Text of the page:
Rewind to fall, 2005. Candidate Jared Fuhriman is running for mayor of the City of Idaho Falls.
“Everywhere I meet people, they tell me Idaho Falls property taxes are too high,” said Mr. Fuhriman.
Fast forward to December 2007. Now-Mayor Fuhriman, in a joint press conference with Robb Chiles, president of the Idaho Falls Chamber of Commerce, announces it’s time to consider building an events center in the city.
The Idaho Falls newspaper correctly recaps the fate of previous attempts to build large community projects. In 1999, Bonneville County residents voted down a 5% motel tax to build an events center.
In 2003, a grandiose new city recreation center was proposed and heavily lobbied for by then-Mayor Linda Milam and buddy, City Councilwoman Ida Hardcastle. The new center would have been built with property taxes, but garnered only 20% of the vote.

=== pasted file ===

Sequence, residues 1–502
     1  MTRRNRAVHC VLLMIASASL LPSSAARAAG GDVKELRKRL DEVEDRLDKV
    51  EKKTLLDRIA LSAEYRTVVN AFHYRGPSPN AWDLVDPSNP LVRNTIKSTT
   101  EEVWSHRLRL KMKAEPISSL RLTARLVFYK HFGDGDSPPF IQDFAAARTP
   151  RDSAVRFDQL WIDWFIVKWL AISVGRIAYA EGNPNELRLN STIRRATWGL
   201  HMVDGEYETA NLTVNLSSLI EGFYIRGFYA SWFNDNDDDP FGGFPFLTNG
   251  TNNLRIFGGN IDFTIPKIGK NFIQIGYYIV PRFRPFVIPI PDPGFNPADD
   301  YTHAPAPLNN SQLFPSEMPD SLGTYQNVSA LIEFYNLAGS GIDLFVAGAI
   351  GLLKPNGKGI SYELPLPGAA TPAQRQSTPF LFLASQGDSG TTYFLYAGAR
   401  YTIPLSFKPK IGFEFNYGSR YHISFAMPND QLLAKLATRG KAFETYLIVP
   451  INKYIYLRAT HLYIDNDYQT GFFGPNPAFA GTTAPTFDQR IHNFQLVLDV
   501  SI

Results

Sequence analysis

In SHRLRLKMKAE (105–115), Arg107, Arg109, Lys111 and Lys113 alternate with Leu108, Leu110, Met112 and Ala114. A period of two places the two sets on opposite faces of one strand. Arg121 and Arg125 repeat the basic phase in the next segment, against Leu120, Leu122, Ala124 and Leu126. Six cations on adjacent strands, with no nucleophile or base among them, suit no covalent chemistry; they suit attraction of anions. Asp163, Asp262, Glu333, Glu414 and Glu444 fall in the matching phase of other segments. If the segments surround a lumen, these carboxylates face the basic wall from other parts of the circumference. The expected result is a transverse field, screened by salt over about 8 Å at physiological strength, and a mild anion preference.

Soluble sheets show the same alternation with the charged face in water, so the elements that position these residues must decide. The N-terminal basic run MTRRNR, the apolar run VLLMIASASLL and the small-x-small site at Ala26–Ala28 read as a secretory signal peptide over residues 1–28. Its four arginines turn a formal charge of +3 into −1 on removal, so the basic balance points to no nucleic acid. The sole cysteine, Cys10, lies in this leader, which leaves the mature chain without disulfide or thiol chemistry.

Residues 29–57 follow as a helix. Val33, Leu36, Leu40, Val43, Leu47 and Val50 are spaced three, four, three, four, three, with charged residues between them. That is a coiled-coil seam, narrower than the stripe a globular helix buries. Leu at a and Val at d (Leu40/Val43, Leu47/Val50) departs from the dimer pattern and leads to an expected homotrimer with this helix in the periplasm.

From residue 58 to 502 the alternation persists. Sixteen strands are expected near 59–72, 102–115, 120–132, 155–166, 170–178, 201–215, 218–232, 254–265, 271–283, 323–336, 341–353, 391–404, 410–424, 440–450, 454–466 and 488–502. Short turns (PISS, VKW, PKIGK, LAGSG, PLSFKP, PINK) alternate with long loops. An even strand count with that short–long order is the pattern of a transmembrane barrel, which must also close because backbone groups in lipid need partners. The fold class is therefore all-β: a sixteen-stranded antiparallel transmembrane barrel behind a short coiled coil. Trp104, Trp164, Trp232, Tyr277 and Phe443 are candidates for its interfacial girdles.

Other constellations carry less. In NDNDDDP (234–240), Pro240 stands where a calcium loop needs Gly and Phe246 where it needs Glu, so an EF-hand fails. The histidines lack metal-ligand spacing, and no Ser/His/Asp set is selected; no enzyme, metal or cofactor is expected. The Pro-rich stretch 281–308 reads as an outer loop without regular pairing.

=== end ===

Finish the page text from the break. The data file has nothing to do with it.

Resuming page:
But now it’s December, 2007, and it should come as no surprise that Fuhriman, a sidekick of Hardcastle, is resurrecting the events center plan.
He admits it’s going to be an uphill battle: before Economic Research Associates (ERA) will even conduct a feasibility study, $50,000 must be raised to hire them.
(Might Fuhriman even suggest to the city council that taxpayer money be used for the study? Stay tuned.)
Among issues ERA will consider is how to fund such a center.
Since a motel tax and increased property tax have already been nixed by voters in recent years, appeals will probably be made to the Idaho Legislature to allow local options sales tax. This is an idea that fails year after year in legislative votes.
No matter how you look at it, taxpayers come out the losers – unless you can somehow monetize that wonderful but nebulous “feeling of pride in our community” that will no doubt be touted at the biggest reason for citizen support.
Once again, Mayor Fuhriman demonstrates his lack of principle. Though he cozied up to the local Republican Party just before elections to increase his chances of becoming mayor, he repeatedly abandons party planks, including a belief in reducing taxes and shrinking government.
Don’t get me wrong – as any citizen of Idaho Falls can tell you, Jared Fuhriman is a nice guy. He’ll smile at you and shake your hand, and encourage you to support the Boy Scouts.
But that doesn’t qualify him to serve as mayor.
Fuhriman doesn’t have a clue.
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